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Is it ever too early for botulinum toxin type A? A new article about the preventive use of cosmetic procedures to freeze the aging process may raise a few eyebrows—at least for those who haven’t had too many botulinum toxin type A shots.
The commentary, published online on JAMA Dermatology, states that it is “rarely too early” to start the “conservative and thoughtful use of neuromodulators, fillers and noninvasive energy-based treatments.” Critics of the concept, on the other hand, point to the potentially exorbitant cost of starting such procedures in early adulthood.
“It’s been clearly shown for a long time that frown lines, forehead furrows and crows’ feet are due to repetitive folding of skin from normal expressions,” says Kenneth Arndt, MD, a Boston-area dermatologist and co-author of the piece.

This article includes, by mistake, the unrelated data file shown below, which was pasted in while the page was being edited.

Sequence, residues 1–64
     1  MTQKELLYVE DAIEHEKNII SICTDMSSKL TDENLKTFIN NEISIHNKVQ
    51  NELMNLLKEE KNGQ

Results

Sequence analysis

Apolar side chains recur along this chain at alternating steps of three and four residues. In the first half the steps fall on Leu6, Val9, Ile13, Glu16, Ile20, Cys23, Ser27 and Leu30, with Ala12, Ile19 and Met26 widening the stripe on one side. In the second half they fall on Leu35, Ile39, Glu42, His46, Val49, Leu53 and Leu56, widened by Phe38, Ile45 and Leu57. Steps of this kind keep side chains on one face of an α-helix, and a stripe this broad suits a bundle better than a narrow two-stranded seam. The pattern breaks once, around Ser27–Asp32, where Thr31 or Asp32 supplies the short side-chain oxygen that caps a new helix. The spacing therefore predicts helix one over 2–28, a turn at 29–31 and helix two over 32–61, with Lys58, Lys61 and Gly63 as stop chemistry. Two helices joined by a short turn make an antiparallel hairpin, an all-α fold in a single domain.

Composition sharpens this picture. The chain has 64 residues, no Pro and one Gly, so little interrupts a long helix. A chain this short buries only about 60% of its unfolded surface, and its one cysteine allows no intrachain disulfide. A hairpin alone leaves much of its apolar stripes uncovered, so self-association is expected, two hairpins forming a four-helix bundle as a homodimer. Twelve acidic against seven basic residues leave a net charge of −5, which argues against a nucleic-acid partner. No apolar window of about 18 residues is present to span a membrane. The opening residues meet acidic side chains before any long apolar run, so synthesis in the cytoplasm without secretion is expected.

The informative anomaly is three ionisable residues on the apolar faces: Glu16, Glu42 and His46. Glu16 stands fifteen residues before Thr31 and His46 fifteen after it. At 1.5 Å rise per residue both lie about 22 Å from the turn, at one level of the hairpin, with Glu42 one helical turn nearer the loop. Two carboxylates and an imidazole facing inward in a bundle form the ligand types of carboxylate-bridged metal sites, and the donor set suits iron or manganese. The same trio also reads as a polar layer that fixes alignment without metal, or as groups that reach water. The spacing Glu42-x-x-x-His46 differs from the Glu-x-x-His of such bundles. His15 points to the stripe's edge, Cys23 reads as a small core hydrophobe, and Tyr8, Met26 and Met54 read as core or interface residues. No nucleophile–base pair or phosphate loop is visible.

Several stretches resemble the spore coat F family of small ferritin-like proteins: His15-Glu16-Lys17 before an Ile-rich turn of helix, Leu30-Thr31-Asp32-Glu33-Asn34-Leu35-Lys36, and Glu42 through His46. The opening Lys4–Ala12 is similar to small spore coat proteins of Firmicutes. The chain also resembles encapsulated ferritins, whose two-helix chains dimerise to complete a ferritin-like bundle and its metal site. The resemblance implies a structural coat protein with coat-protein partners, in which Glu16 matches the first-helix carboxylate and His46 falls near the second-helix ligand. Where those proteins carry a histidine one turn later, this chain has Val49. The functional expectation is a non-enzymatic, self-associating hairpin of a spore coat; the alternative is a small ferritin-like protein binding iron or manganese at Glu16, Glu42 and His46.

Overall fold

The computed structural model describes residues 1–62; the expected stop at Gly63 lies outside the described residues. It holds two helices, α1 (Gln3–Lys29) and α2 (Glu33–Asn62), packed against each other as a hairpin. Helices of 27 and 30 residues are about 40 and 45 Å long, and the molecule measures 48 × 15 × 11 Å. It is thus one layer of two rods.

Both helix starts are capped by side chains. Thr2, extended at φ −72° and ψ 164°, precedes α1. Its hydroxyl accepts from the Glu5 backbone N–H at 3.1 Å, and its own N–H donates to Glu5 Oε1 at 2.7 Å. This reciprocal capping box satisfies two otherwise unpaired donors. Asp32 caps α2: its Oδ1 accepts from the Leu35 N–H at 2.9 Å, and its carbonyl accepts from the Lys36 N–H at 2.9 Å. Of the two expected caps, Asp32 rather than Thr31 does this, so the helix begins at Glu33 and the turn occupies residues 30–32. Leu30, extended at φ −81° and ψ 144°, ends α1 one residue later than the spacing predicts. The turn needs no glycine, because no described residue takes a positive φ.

Arndt says many people in their 40s, 50s and 60s attempt to fix these wrinkles and folds once they’ve developed. But by injecting earlier, people can keep them from ever happening.
“If you slow down the use of these muscles beginning early in adult life, the lines never develop,” he says. “Rather than going backward and fixing something that’s there, you can inhibit it from starting in the first place.”
Arndt, a dermatologist and an adjunct professor of surgery at Dartmouth Medical School, points to a handful of studies to back this up, particularly a 2006 study involving identical twin sisters, one of whom used botulinum toxin type A regularly for 13 years and the other who did not.
“The study shows pictures of them 10 to 15 years later and one has a smooth and attractive forehead and the other has the expression lines you’d expect with someone with normal aging,” he says.